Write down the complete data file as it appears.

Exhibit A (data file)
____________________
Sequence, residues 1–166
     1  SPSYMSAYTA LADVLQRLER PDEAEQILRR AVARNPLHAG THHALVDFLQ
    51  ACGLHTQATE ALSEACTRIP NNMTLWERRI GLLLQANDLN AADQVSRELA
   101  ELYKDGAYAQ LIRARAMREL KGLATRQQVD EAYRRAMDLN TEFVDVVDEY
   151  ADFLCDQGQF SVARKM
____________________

Sequence, residues 1–166
     1  SPSYMSAYTA LADVLQRLER PDEAEQILRR AVARNPLHAG THHALVDFLQ
    51  ACGLHTQATE ALSEACTRIP NNMTLWERRI GLLLQANDLN AADQVSRELA
   101  ELYKDGAYAQ LIRARAMREL KGLATRQQVD EAYRRAMDLN TEFVDVVDEY
   151  ADFLCDQGQF SVARKM